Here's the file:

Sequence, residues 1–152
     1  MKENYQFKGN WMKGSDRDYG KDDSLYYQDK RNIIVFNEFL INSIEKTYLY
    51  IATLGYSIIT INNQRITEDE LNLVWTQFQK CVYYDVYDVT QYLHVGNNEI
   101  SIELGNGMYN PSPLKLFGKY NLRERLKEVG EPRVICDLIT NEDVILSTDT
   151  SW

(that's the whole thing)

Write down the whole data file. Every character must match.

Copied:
Sequence, residues 1–152
     1  MKENYQFKGN WMKGSDRDYG KDDSLYYQDK RNIIVFNEFL INSIEKTYLY
    51  IATLGYSIIT INNQRITEDE LNLVWTQFQK CVYYDVYDVT QYLHVGNNEI
   101  SIELGNGMYN PSPLKLFGKY NLRERLKEVG EPRVICDLIT NEDVILSTDT
   151  SW